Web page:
The ag community has always had a hard time accurately explaining the industry to urban audiences. Nonfarmers, it sometimes seems, just don't understand.
That played out recently in the pages of Oregon's largest newspaper.
An errant editorial June 20 in The Oregonian, Portland's daily newspaper, said that the Oregon Department of Agriculture "has a duty" to conduct independent tests on glyphosate, the active ingredient in Monsanto's Roundup herbicide, to determine if it's safe for humans and the environment.
In a guest column a few days later, Katy Coba, director of the Oregon Department of Agriculture, explained that her agency didn't have the expertise, the resources or the statutory authority to conduct research on agricultural chemicals. She went on to educate The Oregonian's largely urban readership about how the U.S. Environmental Protection Agency tests and regulates pesticides.
And that's where Coba got into trouble with some readers who posted online comments on the Oregonian's website.
"Roundup is NOT a pesticide, it is an herbicide," one reader wrote. "Apparently, even though the author is Director of the Oregon Department of Agriculture, she does not know the difference, which may be part of the problem..."
"How could a high-level agriculture official make such a mistake," another asked. "Anybody who has spent a summer on a farm, or who does much backyard gardening would know the difference. The word pesticide is used incorrectly almost 20 times! Doesn't give me much faith in the leadership of the department."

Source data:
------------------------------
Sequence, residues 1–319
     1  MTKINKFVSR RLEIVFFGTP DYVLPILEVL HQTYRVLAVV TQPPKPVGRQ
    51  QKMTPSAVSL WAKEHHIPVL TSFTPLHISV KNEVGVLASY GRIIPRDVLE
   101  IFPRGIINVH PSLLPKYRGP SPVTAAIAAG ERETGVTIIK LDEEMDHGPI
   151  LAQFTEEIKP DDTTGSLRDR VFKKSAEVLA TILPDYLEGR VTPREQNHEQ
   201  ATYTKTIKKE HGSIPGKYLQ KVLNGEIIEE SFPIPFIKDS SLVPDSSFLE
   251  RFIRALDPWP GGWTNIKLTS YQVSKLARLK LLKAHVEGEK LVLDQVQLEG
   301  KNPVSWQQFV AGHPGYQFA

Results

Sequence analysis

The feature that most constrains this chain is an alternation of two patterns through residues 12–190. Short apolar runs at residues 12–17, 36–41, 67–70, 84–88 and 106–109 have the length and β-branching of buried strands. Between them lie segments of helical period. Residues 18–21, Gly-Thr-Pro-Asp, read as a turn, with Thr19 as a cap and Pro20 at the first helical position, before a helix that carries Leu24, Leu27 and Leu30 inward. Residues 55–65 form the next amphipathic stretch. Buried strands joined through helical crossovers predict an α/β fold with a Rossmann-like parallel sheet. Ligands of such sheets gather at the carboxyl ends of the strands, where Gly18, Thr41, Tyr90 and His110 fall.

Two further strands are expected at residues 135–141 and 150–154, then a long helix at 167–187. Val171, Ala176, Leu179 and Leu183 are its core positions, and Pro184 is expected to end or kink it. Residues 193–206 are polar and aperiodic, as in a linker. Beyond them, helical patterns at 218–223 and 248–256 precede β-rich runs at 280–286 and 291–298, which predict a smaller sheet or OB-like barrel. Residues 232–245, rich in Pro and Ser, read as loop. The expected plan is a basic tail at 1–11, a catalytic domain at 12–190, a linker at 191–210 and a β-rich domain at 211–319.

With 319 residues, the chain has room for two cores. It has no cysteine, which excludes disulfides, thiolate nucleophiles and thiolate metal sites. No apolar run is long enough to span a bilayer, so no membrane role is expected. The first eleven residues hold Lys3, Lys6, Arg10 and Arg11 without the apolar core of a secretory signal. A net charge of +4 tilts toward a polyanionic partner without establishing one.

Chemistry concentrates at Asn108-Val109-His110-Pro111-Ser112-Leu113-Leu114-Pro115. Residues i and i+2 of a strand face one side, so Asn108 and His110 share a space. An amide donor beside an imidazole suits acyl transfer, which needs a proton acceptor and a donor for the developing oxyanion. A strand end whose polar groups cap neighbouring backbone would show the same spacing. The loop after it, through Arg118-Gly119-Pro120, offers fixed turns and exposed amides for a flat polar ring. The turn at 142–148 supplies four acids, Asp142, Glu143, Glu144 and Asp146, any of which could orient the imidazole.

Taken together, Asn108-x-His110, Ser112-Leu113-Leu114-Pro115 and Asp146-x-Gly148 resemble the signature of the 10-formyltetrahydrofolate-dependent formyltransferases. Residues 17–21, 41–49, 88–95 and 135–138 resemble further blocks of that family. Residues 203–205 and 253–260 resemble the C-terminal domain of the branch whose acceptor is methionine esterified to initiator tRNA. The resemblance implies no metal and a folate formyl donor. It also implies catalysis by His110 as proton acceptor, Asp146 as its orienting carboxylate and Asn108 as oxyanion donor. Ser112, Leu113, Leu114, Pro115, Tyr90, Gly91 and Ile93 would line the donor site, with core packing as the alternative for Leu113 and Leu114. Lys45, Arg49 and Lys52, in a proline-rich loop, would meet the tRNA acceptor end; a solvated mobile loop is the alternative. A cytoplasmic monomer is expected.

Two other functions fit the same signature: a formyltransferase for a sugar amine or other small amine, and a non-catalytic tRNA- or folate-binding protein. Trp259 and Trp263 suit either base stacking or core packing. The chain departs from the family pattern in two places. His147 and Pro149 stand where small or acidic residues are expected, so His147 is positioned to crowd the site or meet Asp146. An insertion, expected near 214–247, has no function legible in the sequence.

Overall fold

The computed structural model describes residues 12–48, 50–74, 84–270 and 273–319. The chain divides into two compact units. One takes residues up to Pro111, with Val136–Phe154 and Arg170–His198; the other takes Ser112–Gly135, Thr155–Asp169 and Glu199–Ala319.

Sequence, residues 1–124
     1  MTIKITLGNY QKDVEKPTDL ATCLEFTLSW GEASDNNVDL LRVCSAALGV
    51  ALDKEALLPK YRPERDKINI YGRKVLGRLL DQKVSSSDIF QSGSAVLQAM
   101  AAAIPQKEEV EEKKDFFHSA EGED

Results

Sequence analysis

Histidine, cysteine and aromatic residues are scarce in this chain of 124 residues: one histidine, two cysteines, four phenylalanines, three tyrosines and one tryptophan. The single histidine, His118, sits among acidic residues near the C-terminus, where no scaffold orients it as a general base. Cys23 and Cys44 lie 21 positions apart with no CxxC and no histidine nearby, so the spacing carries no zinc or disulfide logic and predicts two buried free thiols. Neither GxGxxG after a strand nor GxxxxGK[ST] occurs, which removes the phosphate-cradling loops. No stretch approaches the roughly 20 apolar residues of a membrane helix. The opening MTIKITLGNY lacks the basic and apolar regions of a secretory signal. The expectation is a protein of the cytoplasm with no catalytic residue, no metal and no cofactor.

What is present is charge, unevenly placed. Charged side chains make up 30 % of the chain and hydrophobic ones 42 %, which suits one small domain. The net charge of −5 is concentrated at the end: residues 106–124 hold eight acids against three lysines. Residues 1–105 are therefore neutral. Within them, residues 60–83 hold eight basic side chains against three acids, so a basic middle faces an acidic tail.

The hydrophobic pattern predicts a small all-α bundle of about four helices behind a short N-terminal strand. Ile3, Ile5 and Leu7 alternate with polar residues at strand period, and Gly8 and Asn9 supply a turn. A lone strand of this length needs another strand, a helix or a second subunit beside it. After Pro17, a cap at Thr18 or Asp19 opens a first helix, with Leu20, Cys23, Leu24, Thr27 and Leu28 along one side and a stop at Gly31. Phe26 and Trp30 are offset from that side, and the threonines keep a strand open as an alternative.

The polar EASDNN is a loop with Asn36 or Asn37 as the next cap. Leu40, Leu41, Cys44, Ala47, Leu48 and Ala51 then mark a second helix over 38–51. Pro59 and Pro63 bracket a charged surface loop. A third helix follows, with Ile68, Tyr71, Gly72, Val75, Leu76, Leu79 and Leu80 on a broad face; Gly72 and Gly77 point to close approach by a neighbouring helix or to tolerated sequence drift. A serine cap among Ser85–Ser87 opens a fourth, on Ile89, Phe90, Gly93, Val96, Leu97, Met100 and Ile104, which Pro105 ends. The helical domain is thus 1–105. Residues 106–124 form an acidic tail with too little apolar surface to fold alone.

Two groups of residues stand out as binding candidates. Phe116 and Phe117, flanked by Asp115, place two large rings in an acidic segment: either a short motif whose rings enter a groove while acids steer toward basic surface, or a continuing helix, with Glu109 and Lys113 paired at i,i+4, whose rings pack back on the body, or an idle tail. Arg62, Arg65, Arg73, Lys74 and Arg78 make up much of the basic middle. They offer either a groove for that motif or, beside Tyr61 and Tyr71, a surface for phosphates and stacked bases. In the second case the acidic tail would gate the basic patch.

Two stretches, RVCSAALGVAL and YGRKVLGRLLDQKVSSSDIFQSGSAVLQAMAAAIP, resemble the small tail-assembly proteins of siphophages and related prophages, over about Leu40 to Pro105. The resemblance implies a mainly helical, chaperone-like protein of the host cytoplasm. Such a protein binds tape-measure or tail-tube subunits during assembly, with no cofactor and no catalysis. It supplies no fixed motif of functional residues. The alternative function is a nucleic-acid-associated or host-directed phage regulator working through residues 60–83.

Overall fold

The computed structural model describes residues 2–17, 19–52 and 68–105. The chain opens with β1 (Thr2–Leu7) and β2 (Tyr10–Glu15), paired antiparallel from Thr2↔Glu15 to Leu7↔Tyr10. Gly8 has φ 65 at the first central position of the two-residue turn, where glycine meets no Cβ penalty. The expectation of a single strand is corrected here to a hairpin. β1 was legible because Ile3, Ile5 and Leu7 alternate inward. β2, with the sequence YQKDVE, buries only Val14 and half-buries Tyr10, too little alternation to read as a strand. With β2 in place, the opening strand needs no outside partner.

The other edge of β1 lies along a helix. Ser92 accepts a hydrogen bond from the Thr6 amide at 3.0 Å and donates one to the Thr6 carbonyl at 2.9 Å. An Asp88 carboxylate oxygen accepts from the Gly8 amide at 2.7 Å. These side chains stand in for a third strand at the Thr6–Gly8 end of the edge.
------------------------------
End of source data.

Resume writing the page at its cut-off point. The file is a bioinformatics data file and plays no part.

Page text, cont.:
While it's true that Roundup and other compounds containing gylphosate are specifically herbicides, they are, indeed, pesticides in the vernacular of the regulators.
"Though often misunderstood to refer only to insecticides, the term pesticide also applies to herbicides, fungicides, and various other substances used to control pests," according to the EPA. "Under United States law, a pesticide is also any substance or mixture of substances intended for use as a plant regulator, defoliant, or desiccant."
We could easily overlook a few online comments. But in Oregon and in Washington, it is these urban ideologues who drive the anti-agriculture ballot initiatives.
In addition to serving as ODA director since 2003, Coba comes from East Oregon farm stock, and is well versed in ag tradecraft. Oregonian readers should have no reason to question her bona fides.
Unfortunately, there is a small but active minority who don't want to hear the facts, and they are more than willing to use their own ignorance to discount the validity of information that comes from even the most reputable sources. To those who have made up their minds as a matter of ideology, facts really don't matter.